Last week we took a look at McDonald's roots as a barbecue restaurant before it converted into a fast-service hamburger stand. Pit-cooked barbecue ultimately wasn't a good match for the demands of fast-food chains, but that doesn't mean that entrepreneurs didn't try.
In the early 1960s, businessmen Bill Newman and Ben Burch teamed up with Frank O. Howell, Jr., who was running a local barbecue chain in Memphis, to create Little Pigs of America and franchise it nationwide.
|This ad for a Little Pigs in New Orleans ran in the Times-Picayune on May 9, 1964.|
Asking for a $6,000 upfront investment, Little Pigs promised its franchisees a net return of $15,000 to $20,000 per year. No prior barbecue experience was required, for the company trained recruits at its Memphis headquarters. It also helped them with location selection and provided detailed blueprints for constructing a wood-burning pit made out of bricks.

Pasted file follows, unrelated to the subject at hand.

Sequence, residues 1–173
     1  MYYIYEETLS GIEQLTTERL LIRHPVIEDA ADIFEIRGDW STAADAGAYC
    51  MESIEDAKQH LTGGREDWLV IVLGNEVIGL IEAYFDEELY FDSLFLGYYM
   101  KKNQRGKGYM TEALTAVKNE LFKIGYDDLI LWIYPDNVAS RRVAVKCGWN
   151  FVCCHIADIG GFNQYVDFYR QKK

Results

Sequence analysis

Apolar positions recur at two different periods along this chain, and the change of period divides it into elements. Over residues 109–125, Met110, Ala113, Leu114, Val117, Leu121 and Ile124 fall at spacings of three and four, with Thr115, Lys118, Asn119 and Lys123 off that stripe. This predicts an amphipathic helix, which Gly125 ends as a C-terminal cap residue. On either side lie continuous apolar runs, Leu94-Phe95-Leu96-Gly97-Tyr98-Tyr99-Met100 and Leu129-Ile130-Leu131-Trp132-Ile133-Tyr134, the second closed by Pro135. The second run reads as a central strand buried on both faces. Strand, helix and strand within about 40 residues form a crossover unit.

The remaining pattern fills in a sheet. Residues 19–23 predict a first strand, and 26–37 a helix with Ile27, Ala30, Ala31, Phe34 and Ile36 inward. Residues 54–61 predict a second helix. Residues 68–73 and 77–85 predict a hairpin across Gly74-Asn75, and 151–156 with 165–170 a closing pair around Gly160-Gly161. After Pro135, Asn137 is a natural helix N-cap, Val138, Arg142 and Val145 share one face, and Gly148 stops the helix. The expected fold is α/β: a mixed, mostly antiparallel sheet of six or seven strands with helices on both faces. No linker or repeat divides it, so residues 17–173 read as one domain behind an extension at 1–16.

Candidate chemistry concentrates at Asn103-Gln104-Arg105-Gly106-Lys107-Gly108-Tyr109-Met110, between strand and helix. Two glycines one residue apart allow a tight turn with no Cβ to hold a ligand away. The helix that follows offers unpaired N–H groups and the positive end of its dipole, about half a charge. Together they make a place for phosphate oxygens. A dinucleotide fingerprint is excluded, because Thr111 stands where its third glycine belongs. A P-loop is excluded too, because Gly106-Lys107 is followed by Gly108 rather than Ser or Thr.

At a typical Little Pigs of America establishment, a pork basket sold for 59 cents, a pork plate for 69 cents, and a rib platter for $1.59. By 1965, some 200 restaurants had opened in the United States and Canada, and the company announced a bold goal of exceeding 1,000 locations in just a few years. (McDonald's Hamburgers, by comparison, had just opened store #800.)
Despite its initial growth, Little Pigs of America struggled to become profitable, and in 1967 it filed for bankruptcy, ending the brief run of what was once America's largest barbecue chain.
Most little pigs outlets faded away after their parent company folded, but some stayed in business as independent operators. A handful of restaurants that got their start as Little Pigs franchises are still selling barbecue today, including well-known spots in Columbia, South Carolina, and Asheville, North Carolina.
Robert Moss, a food writer and restaurant critic for the Charleston City Paper, is the author of Barbecue: The History of an American Institution. You can follow him on Twitter at @mossr.